Biodiversity conservation depends on influencing human behaviors, but when activities are illegal or otherwise sensitive, actors can be hesitant to admit engagement with illicit behaviors. We applied Specialized Questioning Techniques (SQT) to estimate and compare behavioral prevalence of giraffe meat consumption between direct questioning and two SQTs, Randomized Response Technique (RRT) and Unmatched Count Technique (UCT),
from 2017 to 2019. Comparisons between the two samples yielded significant differences across all three methods, with confidence intervals distinctly divergent between years. The significant disparity between the two samples for all three methods suggests that there was a true reduction in giraffe meat usage from 2017 to 2019. A key change in the study area between the two time periods was the introduction of a community-based program for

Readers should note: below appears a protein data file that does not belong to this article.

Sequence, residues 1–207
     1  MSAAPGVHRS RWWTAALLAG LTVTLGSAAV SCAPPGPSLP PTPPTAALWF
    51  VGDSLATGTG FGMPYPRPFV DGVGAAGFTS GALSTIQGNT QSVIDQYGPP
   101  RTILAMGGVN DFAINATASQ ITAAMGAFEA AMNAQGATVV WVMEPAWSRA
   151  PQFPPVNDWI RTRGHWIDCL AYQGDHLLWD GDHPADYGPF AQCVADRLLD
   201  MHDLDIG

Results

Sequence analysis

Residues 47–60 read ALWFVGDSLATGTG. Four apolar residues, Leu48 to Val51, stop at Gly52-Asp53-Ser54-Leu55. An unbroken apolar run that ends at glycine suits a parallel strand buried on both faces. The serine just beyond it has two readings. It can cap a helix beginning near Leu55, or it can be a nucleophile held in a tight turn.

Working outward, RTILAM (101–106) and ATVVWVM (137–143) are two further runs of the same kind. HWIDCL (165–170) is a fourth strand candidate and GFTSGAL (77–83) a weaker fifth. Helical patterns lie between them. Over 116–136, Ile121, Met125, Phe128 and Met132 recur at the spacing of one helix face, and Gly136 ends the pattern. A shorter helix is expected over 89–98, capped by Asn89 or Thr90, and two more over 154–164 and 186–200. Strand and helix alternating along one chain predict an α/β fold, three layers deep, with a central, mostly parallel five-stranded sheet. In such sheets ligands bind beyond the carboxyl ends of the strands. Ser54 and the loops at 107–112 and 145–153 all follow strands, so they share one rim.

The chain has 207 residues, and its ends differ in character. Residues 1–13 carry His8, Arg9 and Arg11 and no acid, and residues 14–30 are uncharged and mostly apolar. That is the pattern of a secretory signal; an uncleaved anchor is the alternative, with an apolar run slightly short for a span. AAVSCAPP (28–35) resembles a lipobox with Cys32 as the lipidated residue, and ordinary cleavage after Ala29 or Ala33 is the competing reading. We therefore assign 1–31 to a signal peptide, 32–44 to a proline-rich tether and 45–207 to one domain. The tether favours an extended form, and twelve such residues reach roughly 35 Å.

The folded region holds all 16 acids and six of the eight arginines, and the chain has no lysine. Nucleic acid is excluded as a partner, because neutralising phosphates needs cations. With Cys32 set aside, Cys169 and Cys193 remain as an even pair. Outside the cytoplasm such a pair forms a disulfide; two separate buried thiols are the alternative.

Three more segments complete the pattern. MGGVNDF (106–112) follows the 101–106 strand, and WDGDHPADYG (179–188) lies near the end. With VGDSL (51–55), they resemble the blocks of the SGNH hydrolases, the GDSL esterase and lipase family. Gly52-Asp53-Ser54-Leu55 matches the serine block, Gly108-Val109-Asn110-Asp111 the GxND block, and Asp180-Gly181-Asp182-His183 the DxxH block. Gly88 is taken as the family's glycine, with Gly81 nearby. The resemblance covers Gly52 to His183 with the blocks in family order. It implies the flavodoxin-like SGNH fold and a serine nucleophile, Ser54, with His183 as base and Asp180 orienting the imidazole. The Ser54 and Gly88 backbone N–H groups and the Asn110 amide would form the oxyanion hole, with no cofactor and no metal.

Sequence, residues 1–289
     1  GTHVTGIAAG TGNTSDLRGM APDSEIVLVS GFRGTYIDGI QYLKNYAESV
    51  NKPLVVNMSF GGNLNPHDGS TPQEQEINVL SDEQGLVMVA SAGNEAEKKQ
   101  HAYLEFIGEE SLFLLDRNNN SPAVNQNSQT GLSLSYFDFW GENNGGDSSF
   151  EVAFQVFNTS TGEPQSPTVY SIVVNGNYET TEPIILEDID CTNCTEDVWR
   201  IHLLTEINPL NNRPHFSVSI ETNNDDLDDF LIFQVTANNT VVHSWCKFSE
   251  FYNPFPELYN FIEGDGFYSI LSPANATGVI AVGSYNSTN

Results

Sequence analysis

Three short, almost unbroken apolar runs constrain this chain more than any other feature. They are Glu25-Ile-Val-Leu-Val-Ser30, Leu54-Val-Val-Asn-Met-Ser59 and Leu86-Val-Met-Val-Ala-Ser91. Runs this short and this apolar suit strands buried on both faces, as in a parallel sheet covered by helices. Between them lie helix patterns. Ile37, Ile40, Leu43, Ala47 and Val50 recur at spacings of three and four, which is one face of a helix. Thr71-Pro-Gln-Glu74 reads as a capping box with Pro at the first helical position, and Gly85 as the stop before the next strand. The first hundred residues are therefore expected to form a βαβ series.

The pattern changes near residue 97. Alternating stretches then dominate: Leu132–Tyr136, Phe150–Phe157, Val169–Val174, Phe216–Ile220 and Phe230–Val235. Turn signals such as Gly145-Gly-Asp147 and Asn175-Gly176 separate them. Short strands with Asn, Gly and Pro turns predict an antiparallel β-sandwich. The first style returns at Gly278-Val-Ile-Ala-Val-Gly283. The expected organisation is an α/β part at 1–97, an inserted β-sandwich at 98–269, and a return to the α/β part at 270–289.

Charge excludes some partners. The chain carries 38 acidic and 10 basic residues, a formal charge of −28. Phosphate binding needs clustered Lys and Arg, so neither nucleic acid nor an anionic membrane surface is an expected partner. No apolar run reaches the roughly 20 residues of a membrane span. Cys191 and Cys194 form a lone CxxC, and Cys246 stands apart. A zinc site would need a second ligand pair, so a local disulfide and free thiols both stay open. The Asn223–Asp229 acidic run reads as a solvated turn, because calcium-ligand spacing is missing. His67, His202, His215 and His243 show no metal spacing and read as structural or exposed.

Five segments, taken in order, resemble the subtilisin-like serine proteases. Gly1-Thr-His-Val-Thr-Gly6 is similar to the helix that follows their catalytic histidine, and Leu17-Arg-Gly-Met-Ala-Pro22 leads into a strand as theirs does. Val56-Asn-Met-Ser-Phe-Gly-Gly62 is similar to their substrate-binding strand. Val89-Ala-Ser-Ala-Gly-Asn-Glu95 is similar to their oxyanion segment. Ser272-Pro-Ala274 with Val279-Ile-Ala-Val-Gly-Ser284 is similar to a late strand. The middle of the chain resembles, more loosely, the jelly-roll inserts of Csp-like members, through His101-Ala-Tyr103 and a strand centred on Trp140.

giraffe conservation. Primary program activities, including ecological monitoring, community outreach and education, and collaboration with wildlife security teams, align with other conservation programs that have demonstrated reduced poaching pressures. This study demonstrates an application of SQTs to detect a decline of giraffe meat consumption, providing an alternative to self-reported data for monitoring sensitive behaviors related to direct exploitation and illegal uses of wildlife.